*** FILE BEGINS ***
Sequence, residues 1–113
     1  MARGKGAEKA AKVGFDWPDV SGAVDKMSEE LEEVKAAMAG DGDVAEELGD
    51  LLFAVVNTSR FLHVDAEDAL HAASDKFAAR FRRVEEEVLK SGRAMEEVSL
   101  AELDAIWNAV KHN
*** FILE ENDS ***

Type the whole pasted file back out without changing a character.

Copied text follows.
Sequence, residues 1–113
     1  MARGKGAEKA AKVGFDWPDV SGAVDKMSEE LEEVKAAMAG DGDVAEELGD
    51  LLFAVVNTSR FLHVDAEDAL HAASDKFAAR FRRVEEEVLK SGRAMEEVSL
   101  AELDAIWNAV KHN